Re: Martin lxm tenor guitar
1] I own a Merrill aluminum bowl-back, but only the bowl is aluminum. The top, which is the primary vibrating surface, is spruce. Same with Ovations; the top's wood, the back and sides or bowl or whatever you call it, is plastic. On the Martin, the top's "composition," as well as the back, sides, neck -- everything but the fingerboard and bridge.
2] I'm not trying to compare with the new carbon-fiber instruments (Rainsong, MIX etc.). Carbon fiber is not what the Martins are made from. Carbon-fiber instruments sound quite good (not my cup of tea, but I can appreciate them). They're also at least as expensive as comparable wood instruments.
3] The point I tried to make in my posting is that laminated-wood tenor guitars are available, much cheaper than the Martin composites. Here's a quote from a discussion on the Acoustic Guitar Forum regarding Martin's composites:
The high-pressure laminate itself should be pretty indestructible. I think the issue is really how the various bits and pieces are held together. That would be the weakest link. It may be that HPL is joined with different and stronger adhesives. If some components are not (i.e., if they use more conventional glues) then I would think that they are subject to the same vagaries as pieces of wood similarly joined. I'd be very surprised to see a top made of HPL crack but I have no idea how the glue joints would fare under extreme conditions.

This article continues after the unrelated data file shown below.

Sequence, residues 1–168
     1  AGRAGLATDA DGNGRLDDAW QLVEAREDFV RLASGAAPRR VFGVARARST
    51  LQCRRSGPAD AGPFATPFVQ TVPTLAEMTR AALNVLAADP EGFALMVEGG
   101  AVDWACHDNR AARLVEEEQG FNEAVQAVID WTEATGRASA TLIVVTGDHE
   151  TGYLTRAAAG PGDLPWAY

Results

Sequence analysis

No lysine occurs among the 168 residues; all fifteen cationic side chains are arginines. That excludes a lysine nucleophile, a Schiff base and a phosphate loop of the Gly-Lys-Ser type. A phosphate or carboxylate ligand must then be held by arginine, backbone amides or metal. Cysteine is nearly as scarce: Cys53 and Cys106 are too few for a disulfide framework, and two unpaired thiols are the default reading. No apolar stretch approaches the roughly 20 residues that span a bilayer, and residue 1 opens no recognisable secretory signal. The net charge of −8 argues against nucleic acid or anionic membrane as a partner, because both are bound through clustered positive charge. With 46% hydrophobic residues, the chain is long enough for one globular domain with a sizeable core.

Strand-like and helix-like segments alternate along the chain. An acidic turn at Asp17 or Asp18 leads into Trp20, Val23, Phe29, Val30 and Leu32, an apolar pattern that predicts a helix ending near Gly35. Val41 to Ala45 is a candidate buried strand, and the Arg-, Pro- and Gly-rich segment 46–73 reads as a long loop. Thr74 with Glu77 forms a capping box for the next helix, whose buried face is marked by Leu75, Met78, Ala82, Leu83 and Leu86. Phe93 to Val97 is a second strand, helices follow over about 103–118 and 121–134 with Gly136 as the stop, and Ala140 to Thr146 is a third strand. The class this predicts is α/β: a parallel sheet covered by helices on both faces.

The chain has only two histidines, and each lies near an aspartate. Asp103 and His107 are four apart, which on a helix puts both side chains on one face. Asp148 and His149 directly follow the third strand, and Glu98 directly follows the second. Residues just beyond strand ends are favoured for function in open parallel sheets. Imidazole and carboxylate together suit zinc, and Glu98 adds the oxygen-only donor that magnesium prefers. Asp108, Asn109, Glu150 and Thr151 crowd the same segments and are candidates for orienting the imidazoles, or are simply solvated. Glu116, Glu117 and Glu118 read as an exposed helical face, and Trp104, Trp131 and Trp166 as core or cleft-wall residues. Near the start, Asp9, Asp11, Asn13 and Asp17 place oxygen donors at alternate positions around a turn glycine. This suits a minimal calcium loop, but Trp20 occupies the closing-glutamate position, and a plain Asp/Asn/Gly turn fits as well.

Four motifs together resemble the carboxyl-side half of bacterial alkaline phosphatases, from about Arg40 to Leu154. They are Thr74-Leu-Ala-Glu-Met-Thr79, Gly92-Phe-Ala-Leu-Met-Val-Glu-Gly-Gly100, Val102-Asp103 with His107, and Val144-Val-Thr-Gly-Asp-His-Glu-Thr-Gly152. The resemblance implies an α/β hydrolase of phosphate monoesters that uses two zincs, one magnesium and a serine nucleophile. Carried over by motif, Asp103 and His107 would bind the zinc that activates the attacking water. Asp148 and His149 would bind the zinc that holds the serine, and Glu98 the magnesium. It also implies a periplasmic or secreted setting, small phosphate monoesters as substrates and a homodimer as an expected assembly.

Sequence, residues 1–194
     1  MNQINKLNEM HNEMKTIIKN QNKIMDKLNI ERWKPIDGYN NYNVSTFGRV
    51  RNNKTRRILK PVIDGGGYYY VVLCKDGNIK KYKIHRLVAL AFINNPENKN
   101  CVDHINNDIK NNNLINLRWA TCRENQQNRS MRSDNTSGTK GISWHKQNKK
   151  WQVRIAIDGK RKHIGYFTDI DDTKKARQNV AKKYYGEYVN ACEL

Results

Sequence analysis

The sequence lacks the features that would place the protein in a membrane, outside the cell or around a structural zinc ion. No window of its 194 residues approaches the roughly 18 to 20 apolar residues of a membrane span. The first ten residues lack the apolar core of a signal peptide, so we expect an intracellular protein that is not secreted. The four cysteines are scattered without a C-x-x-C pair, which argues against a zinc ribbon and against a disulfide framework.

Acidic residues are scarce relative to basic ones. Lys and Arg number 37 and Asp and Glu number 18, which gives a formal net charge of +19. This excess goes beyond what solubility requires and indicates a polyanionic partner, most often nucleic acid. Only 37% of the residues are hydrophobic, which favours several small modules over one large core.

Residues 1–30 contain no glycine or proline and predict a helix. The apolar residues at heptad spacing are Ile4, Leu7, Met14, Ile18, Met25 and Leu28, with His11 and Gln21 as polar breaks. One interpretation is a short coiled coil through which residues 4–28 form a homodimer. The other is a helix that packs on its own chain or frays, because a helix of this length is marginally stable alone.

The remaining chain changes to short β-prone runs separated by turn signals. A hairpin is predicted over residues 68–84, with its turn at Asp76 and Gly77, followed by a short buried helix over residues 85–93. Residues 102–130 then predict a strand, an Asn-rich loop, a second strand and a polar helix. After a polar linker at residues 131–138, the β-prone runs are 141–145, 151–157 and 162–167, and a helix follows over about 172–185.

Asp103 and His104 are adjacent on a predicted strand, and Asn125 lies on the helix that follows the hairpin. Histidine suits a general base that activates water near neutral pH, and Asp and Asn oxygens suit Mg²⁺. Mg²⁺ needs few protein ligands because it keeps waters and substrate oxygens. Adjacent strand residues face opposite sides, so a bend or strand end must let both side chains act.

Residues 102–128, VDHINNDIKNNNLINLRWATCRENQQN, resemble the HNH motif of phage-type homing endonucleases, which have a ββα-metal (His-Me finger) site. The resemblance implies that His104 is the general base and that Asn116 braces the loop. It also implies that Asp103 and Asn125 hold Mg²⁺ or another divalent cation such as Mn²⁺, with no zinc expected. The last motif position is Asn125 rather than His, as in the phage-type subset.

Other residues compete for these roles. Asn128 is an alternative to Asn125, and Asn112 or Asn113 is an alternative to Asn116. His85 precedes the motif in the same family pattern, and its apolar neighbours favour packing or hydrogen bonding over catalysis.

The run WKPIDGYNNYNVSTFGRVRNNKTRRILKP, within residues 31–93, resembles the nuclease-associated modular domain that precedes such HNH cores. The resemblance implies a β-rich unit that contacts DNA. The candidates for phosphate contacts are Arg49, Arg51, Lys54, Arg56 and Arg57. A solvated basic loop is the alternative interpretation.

Martin's HPL has been described (even by Martin) as essentially Formica. A friend in college worked at the Formica factory and it's essentially multiple layers of brown craft paper, a top decal, and epoxy, all subjected to pressure. There's really no grain structure and thus, no reason why it should crack unless bent, hit, or otherwise subjected to extreme trauma. Also, it has little if any moisture content, so environmental humidity shouldn't affect the material itself. Joints, as I said above, may be another matter.
Again, this is opinion, and we're all welcome to ours. But were I looking for a "starter" tenor, I might go for a lower-priced Asian plywood import. You do pay a premium for the "Martin" on the headstock, and if you can find a solid wood top for the price of Formica -- well, think about it...
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